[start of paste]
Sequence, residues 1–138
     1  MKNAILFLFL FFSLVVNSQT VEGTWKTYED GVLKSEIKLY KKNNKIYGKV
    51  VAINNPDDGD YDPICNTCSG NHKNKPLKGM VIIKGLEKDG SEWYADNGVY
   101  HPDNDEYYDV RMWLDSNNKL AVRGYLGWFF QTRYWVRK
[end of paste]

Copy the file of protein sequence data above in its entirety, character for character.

Sequence, residues 1–138
     1  MKNAILFLFL FFSLVVNSQT VEGTWKTYED GVLKSEIKLY KKNNKIYGKV
    51  VAINNPDDGD YDPICNTCSG NHKNKPLKGM VIIKGLEKDG SEWYADNGVY
   101  HPDNDEYYDV RMWLDSNNKL AVRGYLGWFF QTRYWVRK